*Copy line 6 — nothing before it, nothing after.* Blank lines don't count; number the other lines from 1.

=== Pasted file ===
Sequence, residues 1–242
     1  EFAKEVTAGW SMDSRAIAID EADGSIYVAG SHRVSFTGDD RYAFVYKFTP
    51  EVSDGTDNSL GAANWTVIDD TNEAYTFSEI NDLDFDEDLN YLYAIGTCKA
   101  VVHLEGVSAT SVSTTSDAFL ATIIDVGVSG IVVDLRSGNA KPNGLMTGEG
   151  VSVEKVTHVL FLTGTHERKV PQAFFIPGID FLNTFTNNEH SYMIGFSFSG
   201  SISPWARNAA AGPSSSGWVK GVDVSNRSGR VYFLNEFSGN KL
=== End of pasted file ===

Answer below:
   201  SISPWARNAA AGPSSSGWVK GVDVSNRSGR VYFLNEFSGN KL